The opportunity to cook with bottle gourds is just one of the many that these kinds of stores have afforded North American shoppers. Also known as long gourds or calabashes, these large bright green gourds look like a Granny Smith apple stretched into a rolling pin shape. The thin skin is easily peeled, and the pale flesh inside holds its firm and juicy texture when cooked. The mellow but sweet taste is cooling and makes a perfect base for spicy and flavorful Indian dals and vegetable curries. Bottle gourds are also rich in essential minerals like calcium, phosphorus and iron, as well as containing a healthy amount of dietary fiber.
Tender chunks of sweet and juicy bottle gourd surround a light hot and sour curried broth in this simple but astonishingly flavorful south Indian dish, loaded with plump cooked channa dal for protein. Adapted from Giri Jigyasa and Jain Pratibha's delightful Sukham Ayu, this dal takes very little time to prepare and cook. It can be served as a thick curry alongside some fresh hot cooked rice for lunch, or thinned with more water to serve as a soup starter at dinner.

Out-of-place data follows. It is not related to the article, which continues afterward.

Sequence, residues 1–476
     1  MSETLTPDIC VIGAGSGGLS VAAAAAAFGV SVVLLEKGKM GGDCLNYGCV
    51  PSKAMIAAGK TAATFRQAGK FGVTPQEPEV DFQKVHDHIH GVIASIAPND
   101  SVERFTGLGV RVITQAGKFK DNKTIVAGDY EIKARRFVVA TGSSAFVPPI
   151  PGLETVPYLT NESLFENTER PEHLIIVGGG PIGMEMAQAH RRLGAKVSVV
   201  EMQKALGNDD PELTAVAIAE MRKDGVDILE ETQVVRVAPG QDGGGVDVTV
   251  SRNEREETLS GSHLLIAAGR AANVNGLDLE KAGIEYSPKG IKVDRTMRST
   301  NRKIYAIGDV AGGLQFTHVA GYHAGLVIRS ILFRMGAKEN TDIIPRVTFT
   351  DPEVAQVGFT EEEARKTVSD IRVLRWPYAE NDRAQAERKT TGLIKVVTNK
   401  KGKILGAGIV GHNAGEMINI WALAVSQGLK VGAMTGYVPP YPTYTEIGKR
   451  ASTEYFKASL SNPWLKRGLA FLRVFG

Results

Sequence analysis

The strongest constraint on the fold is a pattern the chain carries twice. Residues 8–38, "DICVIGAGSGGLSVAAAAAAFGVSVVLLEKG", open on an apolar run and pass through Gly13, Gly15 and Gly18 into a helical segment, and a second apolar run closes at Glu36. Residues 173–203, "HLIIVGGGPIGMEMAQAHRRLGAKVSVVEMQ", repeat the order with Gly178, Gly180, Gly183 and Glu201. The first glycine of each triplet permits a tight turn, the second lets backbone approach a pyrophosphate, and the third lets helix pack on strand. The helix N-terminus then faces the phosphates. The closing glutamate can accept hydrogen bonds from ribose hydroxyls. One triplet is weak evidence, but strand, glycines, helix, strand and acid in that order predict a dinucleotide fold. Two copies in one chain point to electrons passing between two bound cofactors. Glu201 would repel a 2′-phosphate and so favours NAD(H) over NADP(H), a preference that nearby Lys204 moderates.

The instruction for a 1-inch piece of tamarind is based on the cake form of the dried pulp sold in every Indian and Asian grocer — however, a tablespoon of tamarind paste can be substituted. Similarly, split yellow peas can be substituted for channa dal — this will impart a slightly sweeter but earthier taste that many will find pleasing.
|Simple Spicy Bottle Gourd Dal|
|Recipe by Lisa Turner|
Adapted from Sukham Ayu: Cooking at Home With Ayurvedic Insights
Published on May 9, 2012
Tender chunks of sweet and juicy bottle gourd surround a light hot and sour curried broth in this simple but elegant and astonishingly flavorful south Indian channa dal soup
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